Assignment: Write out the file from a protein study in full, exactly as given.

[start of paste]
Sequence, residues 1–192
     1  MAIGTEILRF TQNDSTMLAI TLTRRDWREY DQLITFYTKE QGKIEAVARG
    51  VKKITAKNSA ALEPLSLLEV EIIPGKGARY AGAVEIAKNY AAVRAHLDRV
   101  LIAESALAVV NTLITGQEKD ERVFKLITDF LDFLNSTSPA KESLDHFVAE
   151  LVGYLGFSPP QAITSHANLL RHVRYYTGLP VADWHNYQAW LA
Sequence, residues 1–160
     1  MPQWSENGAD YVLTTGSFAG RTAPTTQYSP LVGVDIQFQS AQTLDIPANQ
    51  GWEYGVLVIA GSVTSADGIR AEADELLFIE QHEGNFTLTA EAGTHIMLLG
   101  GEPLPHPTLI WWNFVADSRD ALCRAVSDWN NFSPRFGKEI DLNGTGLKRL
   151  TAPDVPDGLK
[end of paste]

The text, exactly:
Sequence, residues 1–192
     1  MAIGTEILRF TQNDSTMLAI TLTRRDWREY DQLITFYTKE QGKIEAVARG
    51  VKKITAKNSA ALEPLSLLEV EIIPGKGARY AGAVEIAKNY AAVRAHLDRV
   101  LIAESALAVV NTLITGQEKD ERVFKLITDF LDFLNSTSPA KESLDHFVAE
   151  LVGYLGFSPP QAITSHANLL RHVRYYTGLP VADWHNYQAW LA
Sequence, residues 1–160
     1  MPQWSENGAD YVLTTGSFAG RTAPTTQYSP LVGVDIQFQS AQTLDIPANQ
    51  GWEYGVLVIA GSVTSADGIR AEADELLFIE QHEGNFTLTA EAGTHIMLLG
   101  GEPLPHPTLI WWNFVADSRD ALCRAVSDWN NFSPRFGKEI DLNGTGLKRL
   151  TAPDVPDGLK